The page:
hungry hearted

serving up a healthy portion of pop culture commentary, random infatuations, and introspective ramblings

the bumpy road home

I was so preoccupied and lost in thought that I nearly missed my flight home altogether. Completely aloof, I entered my gate and wandered into one of the stock bookstores to grab a magazine. I felt like somewhat of a smart-ass as I picked up The New Yorker and brought it to the cashier. I buried my face in the pages, browsing through articles as I found a seat to sit and space out in. Oddly, there was no one else around. Like a direct answer to an unarticulated question, my name was announced and I was called to board my flight or lose my seat. I laughed to myself and got on board. Typical.

In route to New York I read my magazine and was especially influenced by an article on light pollution by David Owen, "Can you see the stars?" It reminded me of this star projector machine my uncle gave me when I was young and made me anxious to rummage through my old belongings back at my parents house. I drifted in thought and compiled a quick list of books, pictures, records, etc. that I wanted to find back home. My excitement and anticipation peaked and my mind switched gears from thinking of all I would miss out on in Austin while traveling back east to the nearly tangible adventures I was about to embark on.

I realized I've trained myself to emotionally detach somewhat from my past in order to focus on and enjoy the present. There is so much to love and miss about the places you grow up and the people so inevitable entwined with those settings. I mean, there's a distinctly obvious reason each of us develops a geographical comfort zone. I'm no stranger to this evocation. As I landed at JFK, I was thoroughly ecstatic to be home.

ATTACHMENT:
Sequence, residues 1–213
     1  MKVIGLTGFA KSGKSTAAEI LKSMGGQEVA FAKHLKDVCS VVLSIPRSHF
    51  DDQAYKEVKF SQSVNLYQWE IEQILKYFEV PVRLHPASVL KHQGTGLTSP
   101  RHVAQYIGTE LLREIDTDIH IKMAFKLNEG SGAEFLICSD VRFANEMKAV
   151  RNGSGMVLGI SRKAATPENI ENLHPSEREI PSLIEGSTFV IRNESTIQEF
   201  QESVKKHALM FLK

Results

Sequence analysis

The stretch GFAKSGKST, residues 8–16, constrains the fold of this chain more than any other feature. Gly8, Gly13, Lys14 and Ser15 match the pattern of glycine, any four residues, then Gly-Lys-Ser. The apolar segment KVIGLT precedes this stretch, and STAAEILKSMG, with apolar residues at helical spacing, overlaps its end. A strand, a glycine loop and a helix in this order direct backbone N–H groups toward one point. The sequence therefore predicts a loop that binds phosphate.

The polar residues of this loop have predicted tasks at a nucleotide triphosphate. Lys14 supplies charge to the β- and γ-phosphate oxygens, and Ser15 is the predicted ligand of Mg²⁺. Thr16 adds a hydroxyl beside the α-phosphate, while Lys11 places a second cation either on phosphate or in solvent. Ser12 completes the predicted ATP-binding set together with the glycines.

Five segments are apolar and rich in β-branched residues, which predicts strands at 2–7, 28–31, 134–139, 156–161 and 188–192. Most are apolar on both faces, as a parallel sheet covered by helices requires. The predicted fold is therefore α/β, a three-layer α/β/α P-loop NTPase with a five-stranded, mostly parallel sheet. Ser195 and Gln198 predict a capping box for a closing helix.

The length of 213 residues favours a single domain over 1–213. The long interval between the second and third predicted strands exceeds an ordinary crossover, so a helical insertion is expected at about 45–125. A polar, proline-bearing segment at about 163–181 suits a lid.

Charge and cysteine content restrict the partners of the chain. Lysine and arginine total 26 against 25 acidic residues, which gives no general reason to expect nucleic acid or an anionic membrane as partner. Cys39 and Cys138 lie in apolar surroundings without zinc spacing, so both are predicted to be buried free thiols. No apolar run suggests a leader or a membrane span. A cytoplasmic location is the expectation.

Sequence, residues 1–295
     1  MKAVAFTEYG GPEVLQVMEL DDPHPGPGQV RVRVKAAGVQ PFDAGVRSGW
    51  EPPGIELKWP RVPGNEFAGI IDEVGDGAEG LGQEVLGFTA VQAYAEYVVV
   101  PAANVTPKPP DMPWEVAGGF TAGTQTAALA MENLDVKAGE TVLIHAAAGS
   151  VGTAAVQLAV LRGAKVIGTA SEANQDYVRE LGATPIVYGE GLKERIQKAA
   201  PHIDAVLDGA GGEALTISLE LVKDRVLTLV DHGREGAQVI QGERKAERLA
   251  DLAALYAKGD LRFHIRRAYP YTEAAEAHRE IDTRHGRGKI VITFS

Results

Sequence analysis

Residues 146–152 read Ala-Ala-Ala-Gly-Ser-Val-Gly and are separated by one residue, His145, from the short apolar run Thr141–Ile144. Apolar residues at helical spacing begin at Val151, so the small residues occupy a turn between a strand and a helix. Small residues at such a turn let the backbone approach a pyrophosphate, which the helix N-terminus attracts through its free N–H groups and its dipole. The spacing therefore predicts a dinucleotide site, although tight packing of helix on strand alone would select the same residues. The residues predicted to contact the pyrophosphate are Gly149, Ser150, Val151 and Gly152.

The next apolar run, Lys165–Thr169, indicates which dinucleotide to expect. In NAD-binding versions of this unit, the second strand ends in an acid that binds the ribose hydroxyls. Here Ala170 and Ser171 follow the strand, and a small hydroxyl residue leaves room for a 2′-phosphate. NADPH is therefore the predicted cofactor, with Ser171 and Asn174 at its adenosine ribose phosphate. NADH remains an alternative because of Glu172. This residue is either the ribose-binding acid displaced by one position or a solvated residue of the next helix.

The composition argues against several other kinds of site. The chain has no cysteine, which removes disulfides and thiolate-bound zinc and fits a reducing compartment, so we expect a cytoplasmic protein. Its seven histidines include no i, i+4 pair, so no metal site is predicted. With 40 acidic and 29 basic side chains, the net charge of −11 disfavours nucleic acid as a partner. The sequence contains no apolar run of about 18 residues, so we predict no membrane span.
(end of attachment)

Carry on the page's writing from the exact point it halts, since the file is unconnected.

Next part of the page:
I giggled to myself at the attitude shift from Austin International to JFK. The pace is ten fold, at least. The woman on the intercom sounded nasal and dramatic, strikingly like the voice of George Castanza's mother. Hilariously refreshing. The gift shop lacked the warm burnt orange glaze I had recently familiarized myself with in exchange for NYPD hats and mugs decorated with apples. Thank God.

Of course in the true spirit of New York, I soon found myself totally screwed. My connecting flight to Albany was canceled and I was completely stranded in this overcrowded zoo. I focused on my objective and limited options as I waited three hours for my baggage to be recovered.

The delirium took over as I found myself mingling with a mixed batch of stranded travelers and somehow got lucky. I met an army girl named Jessica who had come from Germany to get married the following night. She had to get to Albany to meet her fianc├ęs' parents that night and proceed with her wedding arrangements. We buddied up and made a pact to get to Albany any way necessary. We figured we'd take a taxi to grand central and a train the remainder of the way upstate, but were approached by another duo destined for Albany and joined forces to rent a shuttle.

It was cold outside as our ramshackle crew loaded into the airport shuttle. We drove on the outskirts of NYC into Jersey and back up into NY. I gazed upon the cityscape, passed Yankee stadium, the Toyota lot where I bought my Yaris, and counted exits on the thruway as we passed New Paltz and continued all the way up to Catskill. Each of these landmarks struck an emotional chord with me making my thoughts pretzel. Only my increasing hunger could overpower and distract my minds focus.

The shuttle left me at thruway exit 21 as requested. I stood outside Stewart's with my enormous backpack dwarfing my frame and a garment bag hanging from my arm, a spectacle no doubt. I definitely missed the dinner plans I had with Sarah & Jessie. Four hours behind schedule, it was well beyond my control. So here I was, a total goon freezing my ass off in the middle of Catskill hoping they would arrive in the next fifteen minutes before Stewart's closed.

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